DENVER, CO - Yesterday, five bills to improve infrastructure for cyclists and pedestrians, improve child passenger safety, crack down on predatory towing carriers, create a statewide transit pass and provide free transit for Colorado youth, and strengthen railroad safety standards advanced from the Transportation Legislation Review Committee.
“Tragically, we’ve seen a disproportionate increase in cyclist and pedestrian casualties due to unprotected bike routes, inaccessible or non-existent sidewalks, and other weaknesses in Colorado’s transportation infrastructure,” said Rep. William Lindstedt, D-Broomfield, sponsor of Bill 1. “Coloradans should be able to commute and recreate safely, regardless of their mode of transportation. This bill will help make our roads safer for every type of travel, while also improving our air quality and reducing climate impacts and traffic.”
“Colorado’s roads are far too dangerous, especially for folks who are using them without a car or kids riding as passengers,” said Vice Chair Faith Winter, D-Broomfield, sponsor of Bills 1 and 4. “Our first bill will provide meaningful resources to improve our infrastructure and make it safer for folks to get where they need to go. The other bill that I’ll be sponsoring next session will help Coloradans access resources like appropriate car seats that will help kids survive crashes and make sure more families stay safe on the road.”
“Many cyclists and pedestrians have felt the impacts of deteriorating safety on our streets due to the lack of safety measures that protect them from dangerous car traffic,” said Rep. Mandy Lindsay, D-Aurora, sponsor of Bill 1. “With this new bill, we will use data-driven safety strategies to reduce traffic collisions and save more Colorado lives.”
“Deaths of vulnerable road users have increased dramatically. Pedestrians, cyclists and people using mobility devices are at risk. Our bill will support safety projects proven to reduce traffic deaths, and when our roads are safer, we believe people will feel more comfortable using alternative modes of transportation,” said Senator Lisa Cutter, D-Jefferson County, sponsor of Bills 1, 5 and 7. “Our rail safety bill will ensure that our communities, forests, watersheds and rail workers are protected from hazardous materials being transported through our state by rail. Additionally, we’ve explored new ways to prevent predatory towing practices and ensure companies aren’t taking advantage of Coloradans or skirting the law. We’ve worked hard to develop bills that will deliver safer streets and railways and fairer systems for Coloradans, and I'm excited to help shepard them through the process."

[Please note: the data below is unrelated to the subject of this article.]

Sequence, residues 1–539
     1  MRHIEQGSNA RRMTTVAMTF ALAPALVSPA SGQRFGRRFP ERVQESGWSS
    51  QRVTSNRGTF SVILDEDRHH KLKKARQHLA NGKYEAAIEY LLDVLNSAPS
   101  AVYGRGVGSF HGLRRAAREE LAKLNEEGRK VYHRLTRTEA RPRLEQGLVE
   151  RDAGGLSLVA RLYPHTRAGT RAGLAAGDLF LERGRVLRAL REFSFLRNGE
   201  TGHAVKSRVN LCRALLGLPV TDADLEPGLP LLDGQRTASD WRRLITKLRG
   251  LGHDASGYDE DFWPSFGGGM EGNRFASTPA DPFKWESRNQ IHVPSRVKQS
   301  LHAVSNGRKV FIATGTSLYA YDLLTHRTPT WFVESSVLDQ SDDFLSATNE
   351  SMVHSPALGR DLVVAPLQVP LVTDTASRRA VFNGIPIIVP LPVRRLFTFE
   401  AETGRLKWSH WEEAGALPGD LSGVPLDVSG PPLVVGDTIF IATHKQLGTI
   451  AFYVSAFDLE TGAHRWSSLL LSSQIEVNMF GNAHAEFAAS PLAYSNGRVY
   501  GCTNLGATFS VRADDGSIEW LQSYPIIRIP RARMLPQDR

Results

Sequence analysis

Bill 1 would deliver road safety improvements that are proven to reduce dangerous traffic collisions, like controlled crossings and separated bike lanes. Between 2010 and 2021, pedestrian deaths from collisions with motorized vehicles increased 77 percent while all other traffic-related deaths increased by 25 percent. The likelihood that a collision with a motor vehicle will result in serious injury to a pedestrian is 50 percent if the vehicle is traveling 31 miles per hour and 99 percent if the vehicle is traveling at 46 miles per hour. The fatality risk to a cyclist or pedestrian increases between 40 and 50 percent with each thousand pound increase in weight of the motor vehicle.
“During my time in elected office, Colorado has taken leaps and bounds forward when it comes to smart, successful transportation policy,” said Senator Kevin Priola, D-Henderson, sponsor of Bills 4, 7 and 9. “Ahead of my final legislative session in the General Assembly, I’m proud to sponsor a suite of bills that will improve upon our past work while continuing to innovate. The bills from the Transportation Legislation Review Committee I’m sponsoring will help families access resources to keep kids safe while driving, streamline a statewide transit system to increase usage and save people money, and improve consumer protections to crack down on predatory towing companies and level the playing field for Coloradans.”
“It is estimated that up to 84% of Colorado children are improperly restrained while riding in a vehicle, which has led to devastating fatal car accidents,” said Chair Meg Froelich, D-Englewood, sponsor of Bill 4. “Kids that live in rural parts of the state and children of color are more at-risk, because families may not have access to life-saving child restraints. Our goal with this new bill is to spread awareness and make it easier for every family across the state to protect their children in their vehicles.”